Our organization does not promote religious education, religious purposes, or a specific religious faith or use donations for religious education or religious purposes; require participants to be of a certain faith; require participation in religious, instruction, activities or services; or require participation in prayer, worship, religious instruction or other religious activities as a condition of receiving social or secular services offered. Auction Donation:
Our organization has never allowed, or would not consider allowing, an equine to be sold, transferred, released, or otherwise placed into possession of any person or organization that would cause or allow the equine to be sold at auction for slaughter.
Our organization acquires horses/equines from the following source(s):
Purchase/Adoption from Owner
Our organization does not acquire horses/equines from the following source(s):
Our organization will accept the following:
Only Stallions to be castrated
Additional information about our acquisition policies and practices:
All aquisitions at the review, direction and approval of the trainer/vet for Rising Starr Horse Rescue.
POLICIES: INTAKE, ASSESSMENT & TRAININING
Prior to a horse being accepted and/or arriving at the facility, the organization requires the following with respect to the health status of the horse:
A current Coggins
Vaccination records that have been administered within the last 12 months
If health records are not available or are out-of-date, the owner is responsible for having vaccinations administered.
If health records are not available or are out-of-date, our veterinarian will administer appropriate vaccinations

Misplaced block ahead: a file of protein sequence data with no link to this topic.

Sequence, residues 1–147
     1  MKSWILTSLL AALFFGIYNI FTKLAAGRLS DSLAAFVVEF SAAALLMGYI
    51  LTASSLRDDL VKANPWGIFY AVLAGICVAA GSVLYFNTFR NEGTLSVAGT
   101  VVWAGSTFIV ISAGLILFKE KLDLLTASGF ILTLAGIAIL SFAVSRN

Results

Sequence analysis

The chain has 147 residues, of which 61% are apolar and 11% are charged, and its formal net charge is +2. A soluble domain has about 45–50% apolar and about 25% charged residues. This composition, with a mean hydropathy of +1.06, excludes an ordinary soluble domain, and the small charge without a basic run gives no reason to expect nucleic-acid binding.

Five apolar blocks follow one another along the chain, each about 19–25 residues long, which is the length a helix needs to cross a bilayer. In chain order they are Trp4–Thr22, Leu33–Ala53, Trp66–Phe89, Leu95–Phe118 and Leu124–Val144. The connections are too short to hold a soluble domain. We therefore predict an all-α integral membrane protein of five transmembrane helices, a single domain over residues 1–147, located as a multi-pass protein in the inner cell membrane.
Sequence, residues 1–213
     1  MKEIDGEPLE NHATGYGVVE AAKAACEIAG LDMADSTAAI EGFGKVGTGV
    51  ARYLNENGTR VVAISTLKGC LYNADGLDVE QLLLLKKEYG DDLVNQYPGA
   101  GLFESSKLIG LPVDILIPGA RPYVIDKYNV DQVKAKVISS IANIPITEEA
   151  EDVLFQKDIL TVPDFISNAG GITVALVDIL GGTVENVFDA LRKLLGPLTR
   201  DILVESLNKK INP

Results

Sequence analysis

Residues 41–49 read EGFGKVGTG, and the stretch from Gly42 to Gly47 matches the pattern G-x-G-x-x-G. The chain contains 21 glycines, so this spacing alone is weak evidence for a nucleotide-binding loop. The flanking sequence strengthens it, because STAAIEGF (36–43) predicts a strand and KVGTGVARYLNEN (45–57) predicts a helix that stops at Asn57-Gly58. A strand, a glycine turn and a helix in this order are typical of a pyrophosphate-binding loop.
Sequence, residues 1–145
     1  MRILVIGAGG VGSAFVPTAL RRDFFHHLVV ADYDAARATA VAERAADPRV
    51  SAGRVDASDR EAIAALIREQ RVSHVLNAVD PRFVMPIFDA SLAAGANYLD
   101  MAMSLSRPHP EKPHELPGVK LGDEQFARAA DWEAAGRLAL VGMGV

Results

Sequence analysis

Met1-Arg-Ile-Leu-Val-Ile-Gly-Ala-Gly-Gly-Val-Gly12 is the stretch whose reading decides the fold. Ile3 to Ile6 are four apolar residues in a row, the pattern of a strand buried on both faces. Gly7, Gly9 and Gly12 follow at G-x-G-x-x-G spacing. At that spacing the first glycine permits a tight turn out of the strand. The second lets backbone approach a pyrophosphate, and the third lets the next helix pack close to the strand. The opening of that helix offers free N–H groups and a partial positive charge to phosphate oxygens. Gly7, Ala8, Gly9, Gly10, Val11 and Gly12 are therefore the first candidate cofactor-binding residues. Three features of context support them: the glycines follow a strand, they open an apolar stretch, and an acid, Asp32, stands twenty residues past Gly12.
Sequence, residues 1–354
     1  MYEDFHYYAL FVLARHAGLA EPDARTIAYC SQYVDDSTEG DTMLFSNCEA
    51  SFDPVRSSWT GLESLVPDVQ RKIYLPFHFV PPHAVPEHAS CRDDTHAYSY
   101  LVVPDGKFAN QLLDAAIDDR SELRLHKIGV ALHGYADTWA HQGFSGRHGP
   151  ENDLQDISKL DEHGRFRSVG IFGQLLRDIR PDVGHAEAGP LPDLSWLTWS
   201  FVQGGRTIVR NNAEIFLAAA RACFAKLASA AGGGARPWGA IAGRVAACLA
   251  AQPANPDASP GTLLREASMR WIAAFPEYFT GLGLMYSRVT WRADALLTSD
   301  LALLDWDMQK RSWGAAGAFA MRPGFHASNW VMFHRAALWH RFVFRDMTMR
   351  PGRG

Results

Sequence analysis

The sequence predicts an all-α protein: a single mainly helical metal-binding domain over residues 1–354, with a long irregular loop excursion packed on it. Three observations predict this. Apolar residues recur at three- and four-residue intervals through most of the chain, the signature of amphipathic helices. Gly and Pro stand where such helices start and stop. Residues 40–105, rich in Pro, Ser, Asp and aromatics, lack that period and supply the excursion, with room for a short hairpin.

A health certificate signed by a veterinarian and dated no more than seven days prior to arrival attesting to the health status of the equine is provided to our organization either prior to or upon arrival of the equine
Prior to a horse being accepted and/or arriving at the facility, the organization has the following policies in place:
The owner of a potential equine is interviewed over the phone or in person prior to seeing the equine
The equine is evaluated at its place of residence
The owner completes an application/contract which constitutes the agreement between the owner and our organization
The owner is financially responsible for the shipping of the equine to and from the organization
Equines are not taken on trial
Following arrival of the equine at the facility, the following is performed:
Physical examination by a veterinarian upon arrival and/or prior to quarantine departure
Physical examination by trained barn staff
Photographs are taken of each equine upon arrival at the facility and kept with the equine's health records
A Henneke Body Conditioning Score or other body conditioning score is assigned
Physical examination by a farrier
Physical examination by a dentist
Blood work other than Coggins
The equine is scanned to check for a microchip
The equine is microchipped if the scan indicates that there is no microchip
Upon intake, the organization has the following quarantine policy in place:
The equine is confined to a designated and separate area for isolation and quarantine at the facility
for a prescribed period of time
The equine is confined to a designated and separate area for isolation and quarantine off-site
for a prescribed period of time
The equine is not quarantined